Changes coming to mechanism to arrive at fuel prices from Petrojam
Changes are coming to the mechanism that is used by the state-owned oil refinery, Petrojam, to arrive at its weekly fuel prices.
The coming changes should see independent persons acting in a review capacity, according to Prime Minister Andrew Holness.
The prime minister made the disclosure on Monday during a specially convened press conference at Jamaica House, where he publicly addressed for the first time, the findings of the auditor general’s report into the scandal-hit Petrojam.
The report noted that in deriving the final published weekly ex-refinery price, a committee applies a market adjustment to the company’s pricing formula.
"We note that the market adjustment is a discretionary value that Petrojam’s pricing committee determines. However, owing to the absence of minutes for meetings, we could not determine whether the market adjustment was always determined in a transparent manner,” the AG’ report concluded.
On Monday, the prime minister acknowledged that the current pricing mechanism was of great concern to the public. He noted that the response from Petrojam has traditionally been that it is the best pricing mechanism, but declared that, “Obviously the public has another view”.
He admitted that: “There is some process of discretion used in determining the price, but there is a calculation, a formula, that has been reviewed, and is said to be a good formula for determining the price. But there is an adjustment made to the formula, and that adjustment is really an exercise of discretion.”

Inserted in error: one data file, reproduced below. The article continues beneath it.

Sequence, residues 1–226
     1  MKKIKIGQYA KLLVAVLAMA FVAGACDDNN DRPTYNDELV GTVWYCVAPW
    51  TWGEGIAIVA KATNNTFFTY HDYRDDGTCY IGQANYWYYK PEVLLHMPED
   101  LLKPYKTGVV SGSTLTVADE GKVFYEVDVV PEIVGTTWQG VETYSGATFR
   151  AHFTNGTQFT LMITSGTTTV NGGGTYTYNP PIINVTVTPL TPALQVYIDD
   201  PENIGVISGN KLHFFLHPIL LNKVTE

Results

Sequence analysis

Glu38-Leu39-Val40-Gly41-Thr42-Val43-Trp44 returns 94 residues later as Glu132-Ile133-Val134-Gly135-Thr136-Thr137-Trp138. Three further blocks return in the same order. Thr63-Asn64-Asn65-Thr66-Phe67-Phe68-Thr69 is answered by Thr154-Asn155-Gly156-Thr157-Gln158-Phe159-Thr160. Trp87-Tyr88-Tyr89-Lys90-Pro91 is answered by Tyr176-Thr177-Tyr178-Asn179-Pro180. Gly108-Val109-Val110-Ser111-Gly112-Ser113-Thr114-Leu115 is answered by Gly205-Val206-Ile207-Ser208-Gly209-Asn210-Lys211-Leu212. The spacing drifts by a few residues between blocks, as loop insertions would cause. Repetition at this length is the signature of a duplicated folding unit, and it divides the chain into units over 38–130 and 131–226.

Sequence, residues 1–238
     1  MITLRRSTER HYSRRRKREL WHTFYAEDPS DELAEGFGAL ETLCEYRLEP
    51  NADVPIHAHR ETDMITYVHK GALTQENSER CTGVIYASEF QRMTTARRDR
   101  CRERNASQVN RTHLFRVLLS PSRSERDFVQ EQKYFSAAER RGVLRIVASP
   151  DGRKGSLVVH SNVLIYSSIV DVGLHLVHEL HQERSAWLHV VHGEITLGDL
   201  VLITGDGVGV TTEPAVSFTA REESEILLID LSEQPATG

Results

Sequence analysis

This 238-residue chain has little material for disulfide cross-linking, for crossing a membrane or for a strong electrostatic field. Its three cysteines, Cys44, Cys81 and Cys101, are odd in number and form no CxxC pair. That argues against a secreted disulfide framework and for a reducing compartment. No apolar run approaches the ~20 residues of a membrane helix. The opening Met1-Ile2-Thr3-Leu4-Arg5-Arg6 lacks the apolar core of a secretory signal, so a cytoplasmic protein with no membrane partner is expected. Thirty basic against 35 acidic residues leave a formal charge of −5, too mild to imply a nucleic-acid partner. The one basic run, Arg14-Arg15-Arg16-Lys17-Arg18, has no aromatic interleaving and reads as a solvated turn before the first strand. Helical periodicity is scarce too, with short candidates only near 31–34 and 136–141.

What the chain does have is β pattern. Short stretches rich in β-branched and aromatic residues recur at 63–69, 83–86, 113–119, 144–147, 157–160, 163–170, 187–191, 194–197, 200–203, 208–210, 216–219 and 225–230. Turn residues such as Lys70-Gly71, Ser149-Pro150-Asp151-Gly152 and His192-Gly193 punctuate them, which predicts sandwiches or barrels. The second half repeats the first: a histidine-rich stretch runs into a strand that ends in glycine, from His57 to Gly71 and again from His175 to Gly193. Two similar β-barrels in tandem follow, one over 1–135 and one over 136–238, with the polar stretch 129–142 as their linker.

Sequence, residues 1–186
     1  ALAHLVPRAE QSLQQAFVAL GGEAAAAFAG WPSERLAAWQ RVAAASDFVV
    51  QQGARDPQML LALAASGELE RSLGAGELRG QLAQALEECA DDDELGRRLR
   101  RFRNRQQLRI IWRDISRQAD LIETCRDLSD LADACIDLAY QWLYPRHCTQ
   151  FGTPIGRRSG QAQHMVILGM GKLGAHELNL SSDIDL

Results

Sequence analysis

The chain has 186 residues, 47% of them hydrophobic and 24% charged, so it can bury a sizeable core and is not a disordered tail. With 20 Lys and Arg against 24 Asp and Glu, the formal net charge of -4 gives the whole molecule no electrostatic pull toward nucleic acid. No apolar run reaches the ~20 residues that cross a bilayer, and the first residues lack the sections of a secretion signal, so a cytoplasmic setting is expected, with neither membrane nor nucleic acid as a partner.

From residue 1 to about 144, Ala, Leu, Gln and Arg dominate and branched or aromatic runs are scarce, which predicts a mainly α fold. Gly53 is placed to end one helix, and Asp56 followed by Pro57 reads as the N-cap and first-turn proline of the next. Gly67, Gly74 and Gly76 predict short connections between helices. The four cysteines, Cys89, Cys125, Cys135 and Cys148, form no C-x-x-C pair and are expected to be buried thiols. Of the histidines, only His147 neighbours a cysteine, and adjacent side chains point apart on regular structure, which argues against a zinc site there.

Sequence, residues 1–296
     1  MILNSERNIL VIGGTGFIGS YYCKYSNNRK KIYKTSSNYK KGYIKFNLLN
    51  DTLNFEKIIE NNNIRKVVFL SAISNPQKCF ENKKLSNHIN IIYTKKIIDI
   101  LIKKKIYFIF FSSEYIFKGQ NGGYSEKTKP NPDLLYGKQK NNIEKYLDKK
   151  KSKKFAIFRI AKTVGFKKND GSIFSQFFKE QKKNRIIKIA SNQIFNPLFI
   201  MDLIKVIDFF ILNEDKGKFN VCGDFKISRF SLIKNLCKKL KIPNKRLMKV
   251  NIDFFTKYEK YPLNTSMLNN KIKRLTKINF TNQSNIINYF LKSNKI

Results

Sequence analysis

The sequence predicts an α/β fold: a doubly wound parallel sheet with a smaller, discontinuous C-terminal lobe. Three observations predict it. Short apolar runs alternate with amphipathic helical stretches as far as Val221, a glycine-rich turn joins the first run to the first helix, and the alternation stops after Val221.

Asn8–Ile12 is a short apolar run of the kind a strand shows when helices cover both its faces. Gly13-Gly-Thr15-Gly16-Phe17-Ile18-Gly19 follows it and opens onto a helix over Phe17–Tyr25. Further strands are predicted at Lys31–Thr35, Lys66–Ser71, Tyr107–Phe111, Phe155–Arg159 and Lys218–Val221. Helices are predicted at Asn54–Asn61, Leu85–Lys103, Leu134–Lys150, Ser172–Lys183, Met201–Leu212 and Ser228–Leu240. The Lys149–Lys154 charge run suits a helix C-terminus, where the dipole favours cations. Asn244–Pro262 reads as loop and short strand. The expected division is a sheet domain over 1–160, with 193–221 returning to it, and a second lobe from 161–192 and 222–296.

The prime minister said “it is in utilising the discretion that I think we have the opportunity to bring transparency.”
Going forward, Holness said minutes will be taken of the committee meeting that calculates the pricing.
“I’m directing the board that as of now, minutes of the meeting (must be recorded), and those minutes must be sent to the Ministry (of Energy) and the Ministry of Finance,” he said.
Holness said after further discussions with the Petrojam board, he will recommend that independent parties be allowed into the system to facilitate some form of review of the process.
“It’s a tricky area because you don’t want people to come in and then take out information… so who we select, you would have to be careful that they don’t have any special interests, and that they are vetted,” said Holness before indicating that he would consider a representative from the Consumer Affairs Commission (CAC).